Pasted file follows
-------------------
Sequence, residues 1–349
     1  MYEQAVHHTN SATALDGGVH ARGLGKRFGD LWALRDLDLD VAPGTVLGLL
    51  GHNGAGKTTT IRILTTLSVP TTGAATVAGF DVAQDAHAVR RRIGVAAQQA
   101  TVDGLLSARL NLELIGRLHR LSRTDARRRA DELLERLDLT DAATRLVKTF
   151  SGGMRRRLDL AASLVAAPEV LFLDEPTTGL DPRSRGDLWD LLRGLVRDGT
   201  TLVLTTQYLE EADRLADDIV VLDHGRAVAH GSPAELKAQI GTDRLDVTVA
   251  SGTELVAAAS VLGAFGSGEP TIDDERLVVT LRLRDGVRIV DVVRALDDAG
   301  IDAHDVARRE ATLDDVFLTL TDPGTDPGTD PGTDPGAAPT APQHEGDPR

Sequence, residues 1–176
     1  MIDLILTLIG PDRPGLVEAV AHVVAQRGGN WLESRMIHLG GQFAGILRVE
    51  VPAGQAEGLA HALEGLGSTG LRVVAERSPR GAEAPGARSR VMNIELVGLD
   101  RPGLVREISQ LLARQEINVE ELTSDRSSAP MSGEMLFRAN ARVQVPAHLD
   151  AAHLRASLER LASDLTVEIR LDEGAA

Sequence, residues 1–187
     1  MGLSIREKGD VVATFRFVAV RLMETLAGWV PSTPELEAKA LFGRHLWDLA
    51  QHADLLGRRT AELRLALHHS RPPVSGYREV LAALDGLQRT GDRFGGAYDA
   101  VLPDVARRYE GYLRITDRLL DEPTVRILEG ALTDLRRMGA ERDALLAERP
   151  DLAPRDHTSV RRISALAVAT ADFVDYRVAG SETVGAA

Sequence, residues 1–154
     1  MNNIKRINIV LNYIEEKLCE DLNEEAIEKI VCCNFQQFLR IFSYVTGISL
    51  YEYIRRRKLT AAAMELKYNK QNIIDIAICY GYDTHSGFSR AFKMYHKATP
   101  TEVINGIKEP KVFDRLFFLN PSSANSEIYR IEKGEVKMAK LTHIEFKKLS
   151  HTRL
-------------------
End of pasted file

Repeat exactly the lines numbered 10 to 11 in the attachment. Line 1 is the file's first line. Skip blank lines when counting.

     1  MIDLILTLIG PDRPGLVEAV AHVVAQRGGN WLESRMIHLG GQFAGILRVE
    51  VPAGQAEGLA HALEGLGSTG LRVVAERSPR GAEAPGARSR VMNIELVGLD